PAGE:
Curtis Ray New saved Mary E. Hill from suffocation, Anderson, Indiana, November 30, 1976. When fire broke out in the living room of their one-story dwelling, Mrs. Hill, 50, and her husband fled into the integral garage; but Mrs. Hill, who used a cane because of a hip operation, went back into the connecting kitchen and thence into a utility room, from where she then could be heard moaning. New, 50, toolmaker, crawled into the smoke-filled kitchen, passing an archway to the living room, which then was completely afire. After returning outside briefly for air, New crawled to the utility room despite dense smoke and intense heat. Coughing and feeling dizzy from smoke he had taken in, New then dragged Mrs. Hill through the kitchen to the garage.
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Curtis “Ray” New, 91, of Anderson, Ind., died on Jan. 9, 2018, after being in the hospital with kidney failure. He was born on July 23, 1926, in Somerset, Ky. His family moved to New Castle, Ind., prior to the Great Depression.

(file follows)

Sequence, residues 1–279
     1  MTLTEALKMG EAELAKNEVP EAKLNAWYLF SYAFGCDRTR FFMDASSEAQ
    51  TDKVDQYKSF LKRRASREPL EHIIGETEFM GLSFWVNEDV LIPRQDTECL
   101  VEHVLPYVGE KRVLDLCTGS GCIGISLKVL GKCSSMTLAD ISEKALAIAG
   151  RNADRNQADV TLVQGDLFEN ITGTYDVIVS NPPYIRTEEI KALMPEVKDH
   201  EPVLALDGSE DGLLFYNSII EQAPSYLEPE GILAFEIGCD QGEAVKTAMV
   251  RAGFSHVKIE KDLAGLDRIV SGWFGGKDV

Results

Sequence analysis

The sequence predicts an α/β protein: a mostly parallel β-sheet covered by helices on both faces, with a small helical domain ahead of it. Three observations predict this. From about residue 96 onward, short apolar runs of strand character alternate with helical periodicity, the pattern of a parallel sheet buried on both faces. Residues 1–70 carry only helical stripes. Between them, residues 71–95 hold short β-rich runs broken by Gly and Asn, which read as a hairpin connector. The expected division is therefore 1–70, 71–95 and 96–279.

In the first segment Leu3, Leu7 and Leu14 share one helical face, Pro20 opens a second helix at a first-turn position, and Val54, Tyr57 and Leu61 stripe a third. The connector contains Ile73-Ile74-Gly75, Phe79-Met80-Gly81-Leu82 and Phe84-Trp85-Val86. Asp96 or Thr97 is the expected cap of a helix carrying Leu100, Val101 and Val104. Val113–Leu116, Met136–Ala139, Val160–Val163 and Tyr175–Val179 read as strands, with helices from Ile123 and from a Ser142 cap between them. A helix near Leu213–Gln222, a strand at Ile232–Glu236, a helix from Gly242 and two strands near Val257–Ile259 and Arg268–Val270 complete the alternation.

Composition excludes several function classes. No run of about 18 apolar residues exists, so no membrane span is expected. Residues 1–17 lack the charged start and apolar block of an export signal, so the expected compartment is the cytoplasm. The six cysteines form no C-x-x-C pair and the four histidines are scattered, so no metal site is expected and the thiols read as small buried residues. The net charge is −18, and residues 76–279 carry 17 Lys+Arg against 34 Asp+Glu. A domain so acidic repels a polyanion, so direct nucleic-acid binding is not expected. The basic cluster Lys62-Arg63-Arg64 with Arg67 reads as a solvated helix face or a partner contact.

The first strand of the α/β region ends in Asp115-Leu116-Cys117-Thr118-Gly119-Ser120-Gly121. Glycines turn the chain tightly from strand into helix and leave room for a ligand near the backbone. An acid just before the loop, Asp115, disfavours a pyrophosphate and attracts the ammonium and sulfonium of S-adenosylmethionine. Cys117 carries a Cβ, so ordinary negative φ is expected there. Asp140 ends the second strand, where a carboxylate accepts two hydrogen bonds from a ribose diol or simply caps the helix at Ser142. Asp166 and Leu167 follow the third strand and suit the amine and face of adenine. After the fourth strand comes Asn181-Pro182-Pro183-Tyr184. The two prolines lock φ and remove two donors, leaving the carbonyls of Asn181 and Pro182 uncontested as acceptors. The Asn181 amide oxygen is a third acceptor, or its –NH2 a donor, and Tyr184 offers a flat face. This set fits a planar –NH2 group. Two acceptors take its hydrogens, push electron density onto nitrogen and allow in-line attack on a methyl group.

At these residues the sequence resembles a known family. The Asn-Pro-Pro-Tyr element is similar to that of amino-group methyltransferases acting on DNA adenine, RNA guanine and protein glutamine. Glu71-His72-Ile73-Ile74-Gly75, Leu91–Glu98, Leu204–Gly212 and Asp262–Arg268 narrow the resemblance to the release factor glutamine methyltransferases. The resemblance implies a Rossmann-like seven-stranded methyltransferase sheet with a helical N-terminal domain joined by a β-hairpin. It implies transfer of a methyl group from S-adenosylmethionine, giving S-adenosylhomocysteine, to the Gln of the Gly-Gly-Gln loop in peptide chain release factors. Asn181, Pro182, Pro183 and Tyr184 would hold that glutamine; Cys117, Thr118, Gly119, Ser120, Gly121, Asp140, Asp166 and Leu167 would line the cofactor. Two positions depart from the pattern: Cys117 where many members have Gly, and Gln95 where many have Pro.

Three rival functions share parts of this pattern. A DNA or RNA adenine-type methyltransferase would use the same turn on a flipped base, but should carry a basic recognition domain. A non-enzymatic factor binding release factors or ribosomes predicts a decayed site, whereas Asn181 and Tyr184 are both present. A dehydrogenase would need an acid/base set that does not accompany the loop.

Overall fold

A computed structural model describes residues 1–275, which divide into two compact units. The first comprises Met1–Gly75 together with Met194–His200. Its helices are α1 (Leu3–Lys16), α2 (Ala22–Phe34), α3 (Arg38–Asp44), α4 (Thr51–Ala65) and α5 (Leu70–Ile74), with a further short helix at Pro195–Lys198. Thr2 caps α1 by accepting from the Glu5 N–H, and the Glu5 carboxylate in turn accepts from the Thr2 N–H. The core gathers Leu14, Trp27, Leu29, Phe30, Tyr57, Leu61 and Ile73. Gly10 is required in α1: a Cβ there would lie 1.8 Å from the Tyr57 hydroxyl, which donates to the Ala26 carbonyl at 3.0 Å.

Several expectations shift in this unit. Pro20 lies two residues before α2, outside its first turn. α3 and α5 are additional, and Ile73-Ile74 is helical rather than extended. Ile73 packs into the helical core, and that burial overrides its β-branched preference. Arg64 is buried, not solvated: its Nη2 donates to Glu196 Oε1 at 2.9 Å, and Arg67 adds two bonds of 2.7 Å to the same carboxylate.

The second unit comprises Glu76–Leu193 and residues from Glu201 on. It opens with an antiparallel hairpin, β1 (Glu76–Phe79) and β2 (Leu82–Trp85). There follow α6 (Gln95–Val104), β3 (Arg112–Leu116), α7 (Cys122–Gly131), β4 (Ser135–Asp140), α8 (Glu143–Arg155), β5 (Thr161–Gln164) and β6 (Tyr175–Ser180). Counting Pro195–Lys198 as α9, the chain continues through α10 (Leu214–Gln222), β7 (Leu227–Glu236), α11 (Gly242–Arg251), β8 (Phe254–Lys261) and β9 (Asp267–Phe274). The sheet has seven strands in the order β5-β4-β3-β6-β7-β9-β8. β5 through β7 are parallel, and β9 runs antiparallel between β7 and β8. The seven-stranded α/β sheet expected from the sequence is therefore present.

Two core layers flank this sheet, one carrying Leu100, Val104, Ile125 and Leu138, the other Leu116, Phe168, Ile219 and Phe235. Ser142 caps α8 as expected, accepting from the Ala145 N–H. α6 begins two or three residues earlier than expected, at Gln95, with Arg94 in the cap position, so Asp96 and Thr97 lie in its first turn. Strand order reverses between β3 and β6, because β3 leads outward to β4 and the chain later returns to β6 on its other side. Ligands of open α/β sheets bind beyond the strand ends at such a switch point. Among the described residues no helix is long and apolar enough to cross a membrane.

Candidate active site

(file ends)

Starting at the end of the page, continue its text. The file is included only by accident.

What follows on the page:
On June 23, 1944, New enlisted in the Navy and served on the USS Oklahoma City, a light cruiser, in the Asiatic Pacific Theater. He was in Japan following Japan’s surrender to Allied forces in August 1945. New married the love of his life, the former Bonnie Jean Cole, on December 4, 1948, in New Castle.
New received the Carnegie Medal from the Carnegie Hero Fund Commission in 1977. The Commission awarded the medal for his actions in responding to a house fire in Anderson in November 1976.
He worked at Delco Remy in Anderson as a tool and die maker until he retired in 1988. New was also instrumental in helping his daughter, Karen, set up her company, Senior Shopping Service, Inc.
Throughout his life, New enjoyed many adventures. He was a motorcycle enthusiast and would take annual trips, even as far away as Nova Scotia. He loved to travel with his wife throughout the U.S. in their motorhome. On his 60th birthday, he learned to slalom water ski. He ran two miles a day until he was 75.
New was buried at Anderson Memorial Park Cemetery in Anderson.
(Edited from an obituary published in The Herald Bulletin in Anderson.)